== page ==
Before you start organizing your pantry cabinet, it is very important to understand the purpose of the pantry cabinet well. How should the pantry cabinet be? The answer to the question is actually hidden here. That’s exactly why I’m going to start by explaining the purpose of the pantry cabinet. Simply put, there should be a limited number of things to have in your pantry closet. For example, if you have allocated 7 glass jars to the top of your pantry cabinet, you should stick to this number. For example, when you have 10 glass jars in your hand, you should find a better alternative solution instead of compressing all the other jars.
Before you start arranging your pantry cabinet, you should definitely determine your needs in advance and prepare an update time according to this interval. For example, you can make a weekly stock and update it with one-week periods. Or you can stretch this range according to your needs.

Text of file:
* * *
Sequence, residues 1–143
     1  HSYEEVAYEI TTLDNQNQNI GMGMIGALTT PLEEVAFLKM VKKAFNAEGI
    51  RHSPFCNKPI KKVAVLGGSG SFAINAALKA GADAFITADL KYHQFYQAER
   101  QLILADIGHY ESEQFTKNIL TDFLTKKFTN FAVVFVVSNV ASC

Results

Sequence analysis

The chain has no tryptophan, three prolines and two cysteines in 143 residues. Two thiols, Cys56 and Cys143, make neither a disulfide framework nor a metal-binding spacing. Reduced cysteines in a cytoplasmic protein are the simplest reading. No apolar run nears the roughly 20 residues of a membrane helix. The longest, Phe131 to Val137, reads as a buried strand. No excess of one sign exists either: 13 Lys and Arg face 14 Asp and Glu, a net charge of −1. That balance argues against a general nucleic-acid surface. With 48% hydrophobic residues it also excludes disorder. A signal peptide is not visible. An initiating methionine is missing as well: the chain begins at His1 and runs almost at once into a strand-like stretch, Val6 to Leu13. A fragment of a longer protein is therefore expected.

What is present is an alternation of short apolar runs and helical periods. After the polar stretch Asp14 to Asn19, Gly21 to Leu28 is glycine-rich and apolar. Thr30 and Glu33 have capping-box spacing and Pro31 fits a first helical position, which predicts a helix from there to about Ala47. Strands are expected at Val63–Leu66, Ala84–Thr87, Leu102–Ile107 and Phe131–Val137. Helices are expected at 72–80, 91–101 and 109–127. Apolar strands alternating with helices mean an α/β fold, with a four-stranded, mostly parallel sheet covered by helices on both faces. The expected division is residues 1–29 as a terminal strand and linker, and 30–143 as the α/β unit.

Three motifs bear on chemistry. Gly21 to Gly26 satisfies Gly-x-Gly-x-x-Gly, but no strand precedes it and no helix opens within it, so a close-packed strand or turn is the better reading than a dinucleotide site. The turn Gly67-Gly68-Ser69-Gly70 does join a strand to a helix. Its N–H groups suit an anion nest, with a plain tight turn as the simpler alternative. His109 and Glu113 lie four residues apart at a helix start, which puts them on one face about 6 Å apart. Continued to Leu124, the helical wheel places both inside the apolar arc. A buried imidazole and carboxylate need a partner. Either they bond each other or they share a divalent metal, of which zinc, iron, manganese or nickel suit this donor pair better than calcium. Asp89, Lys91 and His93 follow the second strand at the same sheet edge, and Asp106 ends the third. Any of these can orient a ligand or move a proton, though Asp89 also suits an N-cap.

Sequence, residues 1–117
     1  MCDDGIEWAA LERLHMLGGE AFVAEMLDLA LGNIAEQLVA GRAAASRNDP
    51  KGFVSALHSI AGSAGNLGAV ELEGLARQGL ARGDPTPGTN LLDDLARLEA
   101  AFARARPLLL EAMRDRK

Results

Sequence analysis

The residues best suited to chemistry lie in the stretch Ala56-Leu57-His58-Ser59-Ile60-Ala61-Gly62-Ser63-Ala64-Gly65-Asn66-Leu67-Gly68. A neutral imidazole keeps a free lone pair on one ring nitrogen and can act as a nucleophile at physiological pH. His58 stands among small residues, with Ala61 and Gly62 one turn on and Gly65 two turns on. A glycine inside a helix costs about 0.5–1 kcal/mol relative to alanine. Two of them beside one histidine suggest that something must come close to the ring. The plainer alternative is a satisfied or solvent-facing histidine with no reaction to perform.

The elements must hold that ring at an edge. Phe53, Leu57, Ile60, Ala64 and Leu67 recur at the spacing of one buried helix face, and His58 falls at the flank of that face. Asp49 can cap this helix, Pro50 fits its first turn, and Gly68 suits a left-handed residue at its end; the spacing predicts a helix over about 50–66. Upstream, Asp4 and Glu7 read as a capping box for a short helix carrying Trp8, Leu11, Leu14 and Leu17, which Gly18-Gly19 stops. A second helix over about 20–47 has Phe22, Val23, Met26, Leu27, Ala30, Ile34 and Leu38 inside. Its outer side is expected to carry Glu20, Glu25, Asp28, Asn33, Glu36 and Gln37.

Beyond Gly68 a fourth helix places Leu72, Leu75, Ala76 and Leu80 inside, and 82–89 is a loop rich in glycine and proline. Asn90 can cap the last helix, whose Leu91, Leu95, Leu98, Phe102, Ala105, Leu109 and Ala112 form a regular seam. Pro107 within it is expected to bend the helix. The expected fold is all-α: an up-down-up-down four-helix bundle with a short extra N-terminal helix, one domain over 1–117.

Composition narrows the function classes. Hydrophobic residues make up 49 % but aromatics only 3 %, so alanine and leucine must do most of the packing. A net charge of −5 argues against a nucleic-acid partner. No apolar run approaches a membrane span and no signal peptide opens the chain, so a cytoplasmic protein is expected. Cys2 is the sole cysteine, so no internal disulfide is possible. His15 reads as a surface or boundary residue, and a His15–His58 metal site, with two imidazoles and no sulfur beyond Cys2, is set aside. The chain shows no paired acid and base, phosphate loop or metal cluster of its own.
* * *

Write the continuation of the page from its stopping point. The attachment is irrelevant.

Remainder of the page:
- Set the pantry rules: As we mentioned in the introductory text, the space allocated for each product should be a certain number. This issue can be exemplified as follows; 10 glass jar places, an area where 10 soup packages can fit, 6 spices to be placed, 4 storage containers where pulses can be stored, etc. You can organize these numbers according to the capacity of your pantry cabinet. The most important thing at this point is to stick to these numbers and not to squeeze out too much stock. Remember, the purpose of the pantry cabinet is not only to store your products, but also to have easy access to your products at any time.
- Be aware of the capacity: Get a storage container in direct proportion to the amount of products you will receive and want to stock. For example, if you have 2 kilos of rice that you want to stock, you should definitely not have a 2 kg storage container. Having more can work in excess stock in the future, but under normal conditions, this behavior will cause unnecessary space.
- Be prepared for the unexpected: Be sure to plan what you will do if you have a stock on top of your planned stock numbers. For example, if you buy a 3-pound legume product instead of 2 kilos, you need to plan where to put your excess foods. In this case, it is very important to create an additional space in your kitchen cabinets, etc. for your excess food.